13. 13. A Green Guide to Better Waste Management 2012The Selection of New Waste Technologies as an Alternative toIncinerationTo have success its essential to prepare yourself well, set clearobjectives, work effectively and persevere. Whichever task or project youchoose, this tends to be true, but for new waste technology projects thisis particularly true, due to the difficult problems faced.But, its not that difficult really, if you break it into clear individual stepsas we have done in the article which follows.This is the one and only way to achieve success at your goal to promotenew waste technologies as an alternative to incineration, and suggest itcan be simplified to merely 5 simple steps:Step 1. For a UK alternative to incineration to be viable it will need to begood at the diversion of waste from landfill. Most importantly thediversion of organic/biological waste from landfill, to meet EuropeanUnion targets.You will need to consider what are these technologies and how will theyhelp to meet LATS regulation set for each local authority by centralgovernment to ensure that the UK as a whole will meet recycling targets.This will be a task of critical importance because the introduction of theLandfill Allowances Trading Scheme (LATS) in April 2005 has left all localauthorities with key decisions to make in terms of how they are going todivert enough biodegradable municipal waste (BMW) from landfill to meettheir LATS targets.Most UK local authorities have been using incineration after recycling anddiverting all but their residual waste, but alternatively they couldintroduce new waste technologies into their waste management processstream.However, as we have shown this type of solution brings with it a numberof questions. Not least, as we have already indicated we must ask whatare these technologies and how will they help to meet LATS?Make sure you do not overlook or by-pass this, because answering thesequestions is essential to select a viable new waste technology, and thestakes are high as unless the local authority meets its LATS target, it will 13www.waste-technology.co.uk www.waste-technologies.co.uk www.gasification4energy.com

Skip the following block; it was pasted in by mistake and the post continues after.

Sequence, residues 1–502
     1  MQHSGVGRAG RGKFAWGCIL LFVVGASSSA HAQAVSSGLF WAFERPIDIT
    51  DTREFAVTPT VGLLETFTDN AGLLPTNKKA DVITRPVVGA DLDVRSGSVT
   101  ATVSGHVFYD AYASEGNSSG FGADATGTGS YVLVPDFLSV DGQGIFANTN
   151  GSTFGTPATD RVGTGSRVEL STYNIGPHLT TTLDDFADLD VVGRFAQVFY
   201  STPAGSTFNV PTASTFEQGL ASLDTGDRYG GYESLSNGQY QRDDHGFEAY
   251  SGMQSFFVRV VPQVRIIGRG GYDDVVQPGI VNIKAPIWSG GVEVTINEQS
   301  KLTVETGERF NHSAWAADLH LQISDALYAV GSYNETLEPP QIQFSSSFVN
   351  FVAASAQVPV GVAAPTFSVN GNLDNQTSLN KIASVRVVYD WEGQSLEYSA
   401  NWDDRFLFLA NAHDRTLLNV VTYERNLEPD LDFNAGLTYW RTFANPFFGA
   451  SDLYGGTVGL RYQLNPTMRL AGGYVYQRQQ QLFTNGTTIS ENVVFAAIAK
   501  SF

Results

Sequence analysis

14. 14. A Green Guide to Better Waste Management 2012be fined by the UK government. And, if nationally we do not meet thetargets overall, the EU will fine us as a nation.Step 2. Any adoption of a new waste technology must be able tosatisfactorily answer the question; What are the residuals and are theremarkets for these? This important step demands all your attention.Here is the way to do it right: Make sure that you select a new wastetechnology from which the residuals can be sold, if not at a profit, at aprice which helps pay for the extra cost of the waste technology which willprocess the waste.There are a few reasons this is often important. The principal one is nonew waste technology will be acceptable to the public and comply withLATS, or as a financial proposition, unless it produces residual materialswhich have a value and dont in the end have to be landfilled for the wantof an alternative disposal route.Step 3. Decide who will invest in the technologies. The reason for this willbe to that a private partner will be needed to implement any new wastetechnology, as the Council wont have the skills or money to go it alone.Additionally you will want to make sure that the partner is a solid andreliable company which holds the necessary skills and will pass thegovernments tests for the award of public investment, once the projectgets started.Step 4. Consider, whether the technologies receive planning permission,how long will this take and what are the issues likely to hinder thisprocess.That means, talking to the local authority planning experts and gaugingpublic opinion in the area.Step 5. How will the public perceive these technologies? Are they likely tocreate huge public debate? Also, will the preceding issues in combinationwith the last question all add up to a large list of unknowns which makeembarking upon the promotion of new waste technologies too risky forthe local authority to carry out. After all, it is not their role to speculate innew technologies that are largely unproven and may not work, potentiallydeveloping prototype plants and causing wastage of ratepayers money. 14www.waste-technology.co.uk www.waste-technologies.co.uk www.gasification4energy.com